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Professor Kerin O'Dea and Catherine Itsiopoulos are two Australian nutritionists who noticed that natives of Crete, a Greek island, had an astonishingly low rate of death due to cardiovascular disease.
Amazingly, these researchers discovered that this group of people with almost no heart disease deaths consumed a diet that is relatively high in fat - not a low fat diet as they would have expected.
A high fat diet can be good for your heart ...
How can this be?
The secret seems to be in the olive oil ...
You too may experience these excellent health benefits by eating the recommended fresh fruits and vegetables in combination with olive oil. While cooking your hamburger and french fries in olive oil is certainly healthier than using lard ...
Olive oil enhances the natural heart protecting properties in foods and it's the combination that has been shown to reduce the risk of heart disease.
Their major findings and recommendations are briefly summarized here:
So you want to know how you can prepare meals that follow the Mediterranean Diet guidelines? I have compiled some recipes and a list of excellent cookbooks for your convenience.
Doctors and nutritionists compared the diets of of seven Mediterranean countries with those from the United States, Japan, and other European nations in a rigorous ten-year study. Their objective was to determine the effects of different diets on heart disease.
The astounding results were certainly not expected ...
The natives of Crete suffered almost no deaths from heart disease during the ten year study. They enjoyed much lower rates of cardiovascular disease - and absolutely much lower rates of death from heart disease than any other group in the study.
Antioxidants are well-known for their ability to reduce free radicals and help prevent a variety of cancers. They also block the oxidation of bad cholesterol - a major cause of deadly clogged arteries.
Okay, so where do I get my daily dose of antioxidants?
It's not just what you eat, it's how you eat it
No news flash here ... your mother always made you eat your fruits and veggies. The genius of the Mediterranean diet seems to be the combination of olive oil and vegetables that produces the outstanding heart healthy benefits.
Tomatoes, for example, have a high concentration of lycopene, but eating an uncooked tomato will provide you with only a small fraction of this powerful antioxidant. Why are cooked tomatoes healthier?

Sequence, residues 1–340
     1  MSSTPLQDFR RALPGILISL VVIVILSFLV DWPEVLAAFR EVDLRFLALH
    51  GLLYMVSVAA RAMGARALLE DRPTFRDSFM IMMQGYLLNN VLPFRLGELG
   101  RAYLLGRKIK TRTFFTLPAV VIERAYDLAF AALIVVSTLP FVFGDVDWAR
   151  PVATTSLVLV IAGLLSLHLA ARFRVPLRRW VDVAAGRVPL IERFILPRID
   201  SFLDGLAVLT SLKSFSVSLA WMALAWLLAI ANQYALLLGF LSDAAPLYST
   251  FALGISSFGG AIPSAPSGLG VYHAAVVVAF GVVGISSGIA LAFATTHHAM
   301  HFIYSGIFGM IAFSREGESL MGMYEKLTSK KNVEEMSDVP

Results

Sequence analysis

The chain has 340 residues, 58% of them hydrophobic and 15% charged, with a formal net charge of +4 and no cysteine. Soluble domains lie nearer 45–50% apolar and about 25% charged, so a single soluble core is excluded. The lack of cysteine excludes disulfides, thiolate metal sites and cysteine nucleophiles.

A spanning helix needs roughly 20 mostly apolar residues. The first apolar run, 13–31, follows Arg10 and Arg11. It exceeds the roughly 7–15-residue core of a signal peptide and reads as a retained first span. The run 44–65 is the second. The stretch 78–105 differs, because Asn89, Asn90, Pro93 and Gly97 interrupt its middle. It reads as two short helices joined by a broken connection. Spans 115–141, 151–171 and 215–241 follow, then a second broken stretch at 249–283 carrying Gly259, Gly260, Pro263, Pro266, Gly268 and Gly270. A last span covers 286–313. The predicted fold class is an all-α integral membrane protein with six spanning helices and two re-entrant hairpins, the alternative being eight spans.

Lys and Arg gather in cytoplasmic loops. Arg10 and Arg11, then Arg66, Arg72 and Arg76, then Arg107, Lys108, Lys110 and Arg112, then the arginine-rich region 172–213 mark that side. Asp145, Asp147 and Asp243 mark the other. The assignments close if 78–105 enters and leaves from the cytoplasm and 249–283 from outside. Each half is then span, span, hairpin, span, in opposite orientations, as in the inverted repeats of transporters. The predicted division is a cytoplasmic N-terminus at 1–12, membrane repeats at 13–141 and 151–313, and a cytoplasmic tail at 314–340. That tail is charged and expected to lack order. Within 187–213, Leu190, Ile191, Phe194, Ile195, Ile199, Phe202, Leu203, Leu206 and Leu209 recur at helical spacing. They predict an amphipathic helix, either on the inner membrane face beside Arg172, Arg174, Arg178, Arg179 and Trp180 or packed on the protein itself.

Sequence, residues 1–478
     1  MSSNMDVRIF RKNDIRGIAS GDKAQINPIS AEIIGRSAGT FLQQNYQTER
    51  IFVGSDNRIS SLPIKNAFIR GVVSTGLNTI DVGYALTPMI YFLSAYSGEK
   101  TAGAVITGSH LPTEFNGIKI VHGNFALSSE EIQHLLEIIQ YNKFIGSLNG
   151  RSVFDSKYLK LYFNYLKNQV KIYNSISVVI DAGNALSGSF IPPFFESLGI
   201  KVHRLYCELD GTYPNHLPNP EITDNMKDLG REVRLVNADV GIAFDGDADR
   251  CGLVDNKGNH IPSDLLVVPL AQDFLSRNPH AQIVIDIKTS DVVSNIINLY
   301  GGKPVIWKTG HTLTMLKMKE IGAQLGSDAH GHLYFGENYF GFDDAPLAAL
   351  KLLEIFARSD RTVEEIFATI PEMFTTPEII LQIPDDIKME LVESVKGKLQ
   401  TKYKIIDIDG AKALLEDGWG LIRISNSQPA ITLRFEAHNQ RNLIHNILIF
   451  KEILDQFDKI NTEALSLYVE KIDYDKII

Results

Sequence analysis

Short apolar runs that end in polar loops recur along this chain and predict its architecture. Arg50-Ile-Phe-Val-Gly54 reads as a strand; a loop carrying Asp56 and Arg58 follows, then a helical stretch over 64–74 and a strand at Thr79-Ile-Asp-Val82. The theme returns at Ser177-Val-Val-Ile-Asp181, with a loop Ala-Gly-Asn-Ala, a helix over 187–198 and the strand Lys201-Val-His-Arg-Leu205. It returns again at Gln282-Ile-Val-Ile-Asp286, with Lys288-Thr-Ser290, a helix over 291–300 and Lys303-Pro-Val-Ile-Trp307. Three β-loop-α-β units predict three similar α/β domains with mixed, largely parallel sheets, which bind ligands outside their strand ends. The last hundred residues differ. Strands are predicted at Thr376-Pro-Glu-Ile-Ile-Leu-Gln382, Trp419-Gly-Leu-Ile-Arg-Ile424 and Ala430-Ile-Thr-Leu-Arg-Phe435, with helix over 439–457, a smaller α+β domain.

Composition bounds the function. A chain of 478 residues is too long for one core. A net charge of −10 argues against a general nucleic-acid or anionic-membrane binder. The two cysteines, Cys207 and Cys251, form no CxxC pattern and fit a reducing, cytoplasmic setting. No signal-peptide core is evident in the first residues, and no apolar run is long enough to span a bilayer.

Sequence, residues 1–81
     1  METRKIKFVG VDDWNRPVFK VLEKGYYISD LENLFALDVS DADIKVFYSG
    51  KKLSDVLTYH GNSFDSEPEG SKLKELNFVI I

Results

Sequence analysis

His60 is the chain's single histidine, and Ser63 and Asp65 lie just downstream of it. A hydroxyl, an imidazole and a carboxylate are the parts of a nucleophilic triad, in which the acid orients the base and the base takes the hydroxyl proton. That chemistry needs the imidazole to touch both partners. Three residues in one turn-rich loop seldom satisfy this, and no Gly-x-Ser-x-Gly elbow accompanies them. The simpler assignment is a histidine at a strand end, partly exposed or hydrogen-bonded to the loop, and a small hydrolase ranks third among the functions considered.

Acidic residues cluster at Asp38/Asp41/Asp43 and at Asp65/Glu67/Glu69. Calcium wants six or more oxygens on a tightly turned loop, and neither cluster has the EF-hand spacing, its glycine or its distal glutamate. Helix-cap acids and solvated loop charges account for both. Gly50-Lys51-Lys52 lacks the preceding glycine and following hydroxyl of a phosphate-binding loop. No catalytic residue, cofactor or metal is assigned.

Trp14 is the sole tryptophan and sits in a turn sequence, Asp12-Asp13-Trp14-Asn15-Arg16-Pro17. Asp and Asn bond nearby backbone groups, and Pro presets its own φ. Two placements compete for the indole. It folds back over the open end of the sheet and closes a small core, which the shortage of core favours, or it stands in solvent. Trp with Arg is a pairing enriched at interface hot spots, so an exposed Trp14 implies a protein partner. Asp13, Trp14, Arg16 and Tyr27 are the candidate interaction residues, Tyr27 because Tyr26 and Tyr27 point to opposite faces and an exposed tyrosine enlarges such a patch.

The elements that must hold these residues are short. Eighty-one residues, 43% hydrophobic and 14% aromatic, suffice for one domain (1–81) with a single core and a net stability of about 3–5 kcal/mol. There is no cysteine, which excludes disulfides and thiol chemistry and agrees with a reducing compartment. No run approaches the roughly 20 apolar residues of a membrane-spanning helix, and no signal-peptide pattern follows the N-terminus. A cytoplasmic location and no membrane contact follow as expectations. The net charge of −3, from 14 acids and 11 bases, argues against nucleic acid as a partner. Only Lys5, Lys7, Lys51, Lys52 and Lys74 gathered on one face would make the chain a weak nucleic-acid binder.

A good rule of thumb is darker green olive oil equals more antioxidants.
The traditional Mediterranean Diet - as eaten by the natives of Crete - is mainly vegetarian, but not vegan. The traditional diet includes red meat or chicken once a week and steamed or grilled fish twice a week.
There are very small amounts of animal (saturated) fats and butter and low amounts of vegetable oils & margarines. The main idea is to replace saturated fats and vegetable oils with olive oil.
Breakfast. Toasted whole-grain bread with chopped tomato, onion, olive oil, basil, and oregano (Bruscetta) or two slices of whole-grain bread with olives and fresh fruit.
Lunch. Mostly bean or fish soup with a salad and bread.
Snacks. Fresh or dried fruit, raw vegetables, or unsalted almonds.
Dinner. Usually a warm vegetarian dish - zucchini, spinach, or eggplant casseroles are common. Served with potatoes or whole-grain bread. Grilled or steamed fish two times a week. All the foods are made with olive oil.
Beverages. Lots of water and two or three cups of herbal tea or coffee. One or two glasses of red wine.
K. O'Dea and K. Z. Walker: Dietary composition can influence patterns of regional fat loss, Australian Journal of Nutrition and Dietetics, Vol. 55 No. 4 (Suppl), 1998, pp.S32-S36.
M. Katan, S. Grundy and W. Willett: Beyond low-fat diets, The New England Journal of Medicine, Vol. 337, 21 August, 1997, pp.563-566.
G. Frost et al, Glycaemic index as a determinant of serum HDL-cholesterol concentration, The Lancet, Vol. 353, 27 March 1999, pp. 1045-1048.
Australian Broadcasting Corporation, Low Fat Diet, June 1999.
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